For the Spring 2018 Semester, in my 4th block Algebra I class, I will increase (currently, I do not link them in my plans) my planning of formative assessments for each learning target listed / linked in my unit lesson plans.  Twice per week, I will take time to formally reflect (written) the student work and devise a plan for next steps.   Currently, I only informally reflect / plan next steps, without formal documentation in my plans.  I hope this work will lead to better quality formative assessments that are truly at the level and integrity of the standards.

Over the course of the Spring 2018 Semester, I will develop a list of common Latin / Greek roots as related to our content in Algebra I.  Through the collaboration of my colleague, I will develop and implement a weekly system to help students learn and make connections within the content to the roots, etc.   The list, weekly quiz results and study tools will be documented in lesson plans.  At the end of each month (January – April), I will reflect on our progress, analyze the impact on student learning and adjust, continue.  This list should grow throughout the semester.  List to students, implement study tool, report student progress.

I will revisit Small & Lin’s book More Good Questions for ideas on creating Open Questions.  As part of the formative assessment tools, I will begin to include these on a weekly basis in our lessons – for feedback only and incorporate on every unit assessment (after discussing with my content team teacher).

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Where Am I?

As part of our NTI PLC time, we spent time building a document to list each of our learning targets, CCSS for searching resources and link FAs documents / describe the task for each.  This was not necessarily “IN” my weekly lesson plans, but it is a living document that can easily be linked to.  I can quickly copy/paste the linking information into my lesson plans.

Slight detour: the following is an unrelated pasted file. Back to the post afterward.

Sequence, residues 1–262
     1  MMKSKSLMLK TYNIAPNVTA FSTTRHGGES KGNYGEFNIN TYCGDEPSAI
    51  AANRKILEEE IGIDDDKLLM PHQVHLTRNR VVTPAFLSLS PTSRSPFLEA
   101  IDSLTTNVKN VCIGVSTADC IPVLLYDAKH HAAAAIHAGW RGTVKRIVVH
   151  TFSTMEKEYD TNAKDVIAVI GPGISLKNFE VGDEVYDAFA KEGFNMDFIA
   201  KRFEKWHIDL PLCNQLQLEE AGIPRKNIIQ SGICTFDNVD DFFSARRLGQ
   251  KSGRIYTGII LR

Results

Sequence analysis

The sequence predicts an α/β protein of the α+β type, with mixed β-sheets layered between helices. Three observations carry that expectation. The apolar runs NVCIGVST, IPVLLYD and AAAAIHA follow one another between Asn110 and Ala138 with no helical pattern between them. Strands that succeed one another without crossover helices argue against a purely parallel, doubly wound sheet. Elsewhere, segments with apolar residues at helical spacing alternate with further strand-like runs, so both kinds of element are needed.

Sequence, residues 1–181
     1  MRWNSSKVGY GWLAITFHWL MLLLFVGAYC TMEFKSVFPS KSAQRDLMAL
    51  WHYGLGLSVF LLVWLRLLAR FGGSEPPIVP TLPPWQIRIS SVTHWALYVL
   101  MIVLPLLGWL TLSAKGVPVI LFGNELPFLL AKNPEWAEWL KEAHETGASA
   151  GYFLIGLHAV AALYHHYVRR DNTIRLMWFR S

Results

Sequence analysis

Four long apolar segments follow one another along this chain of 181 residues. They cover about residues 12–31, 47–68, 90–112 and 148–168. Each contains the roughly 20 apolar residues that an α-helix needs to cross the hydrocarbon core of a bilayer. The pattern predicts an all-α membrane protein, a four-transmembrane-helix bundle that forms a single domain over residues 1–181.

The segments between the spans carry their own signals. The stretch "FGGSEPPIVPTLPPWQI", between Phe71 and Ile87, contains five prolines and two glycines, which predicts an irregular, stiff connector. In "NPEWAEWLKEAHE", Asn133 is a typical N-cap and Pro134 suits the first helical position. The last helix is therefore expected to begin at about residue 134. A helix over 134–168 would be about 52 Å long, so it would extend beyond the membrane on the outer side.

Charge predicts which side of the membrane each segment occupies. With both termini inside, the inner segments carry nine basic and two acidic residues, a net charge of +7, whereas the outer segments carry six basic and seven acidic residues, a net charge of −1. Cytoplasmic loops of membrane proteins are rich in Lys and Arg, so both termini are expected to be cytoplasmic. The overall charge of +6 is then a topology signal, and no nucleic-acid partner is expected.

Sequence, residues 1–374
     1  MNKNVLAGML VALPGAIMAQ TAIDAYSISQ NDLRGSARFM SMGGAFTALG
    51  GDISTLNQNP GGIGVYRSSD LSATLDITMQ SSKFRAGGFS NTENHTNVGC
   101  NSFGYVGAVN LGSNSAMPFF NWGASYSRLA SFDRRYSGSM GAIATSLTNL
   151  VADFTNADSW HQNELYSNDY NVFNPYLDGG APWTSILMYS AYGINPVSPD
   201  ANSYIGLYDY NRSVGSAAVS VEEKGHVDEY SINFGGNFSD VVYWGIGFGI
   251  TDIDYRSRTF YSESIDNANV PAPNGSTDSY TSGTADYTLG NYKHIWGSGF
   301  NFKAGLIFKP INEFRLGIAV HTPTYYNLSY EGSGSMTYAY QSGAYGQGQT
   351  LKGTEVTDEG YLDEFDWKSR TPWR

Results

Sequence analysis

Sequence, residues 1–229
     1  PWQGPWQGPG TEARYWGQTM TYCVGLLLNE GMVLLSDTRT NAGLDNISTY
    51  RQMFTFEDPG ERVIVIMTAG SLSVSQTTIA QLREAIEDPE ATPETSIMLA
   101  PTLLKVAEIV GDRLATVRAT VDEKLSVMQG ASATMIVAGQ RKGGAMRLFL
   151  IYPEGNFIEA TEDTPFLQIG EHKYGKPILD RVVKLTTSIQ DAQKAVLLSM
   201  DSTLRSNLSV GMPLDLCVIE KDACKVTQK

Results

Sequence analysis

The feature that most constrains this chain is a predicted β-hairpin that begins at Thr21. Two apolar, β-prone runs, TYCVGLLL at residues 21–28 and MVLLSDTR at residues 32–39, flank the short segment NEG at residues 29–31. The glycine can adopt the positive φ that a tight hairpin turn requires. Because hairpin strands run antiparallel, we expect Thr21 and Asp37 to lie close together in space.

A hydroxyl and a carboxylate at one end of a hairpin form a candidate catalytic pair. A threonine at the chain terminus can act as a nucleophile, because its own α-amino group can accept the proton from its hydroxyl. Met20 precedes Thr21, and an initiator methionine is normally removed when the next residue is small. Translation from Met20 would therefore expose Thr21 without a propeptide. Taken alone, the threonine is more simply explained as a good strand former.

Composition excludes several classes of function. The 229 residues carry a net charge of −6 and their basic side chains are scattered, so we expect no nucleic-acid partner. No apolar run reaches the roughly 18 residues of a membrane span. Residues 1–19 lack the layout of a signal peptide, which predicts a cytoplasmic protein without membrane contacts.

As part of this task – my colleague and I met, devising a system for naming our resource files as we upload them to a shared folder.  We agreed on 3 letter abbreviation for BIG idea of the unit, then use 2 digits for the learning targets.  For example, FUN 01 means intro to functions, learning target 1.  This way we can record in the IC which target that “grade” is addressing for parent and student communication.  Students receive a unit organizer at the beginning of the unit with ALL of the assessment targets listed.

Inside each folder, she suggested having sub-folders:  one for lessons, INB foldables, example for notes, practice tasks like matching or sorting;  one for FA tasks;  Summative and projects folder which will also include a unit pre-assessment and multiple versions of the unit assessment.

We have just a few more things to have everything addressed in our current unit.  We think this document can easily be added to and edited as we go through the units – adding new things, etc.  Targets highlighted in red if we need to create a better target quiz, we can quickly scan to see where we are and what we need to do.  We have a lesson plan outlined for the operations with functions target, but need to create a TQ.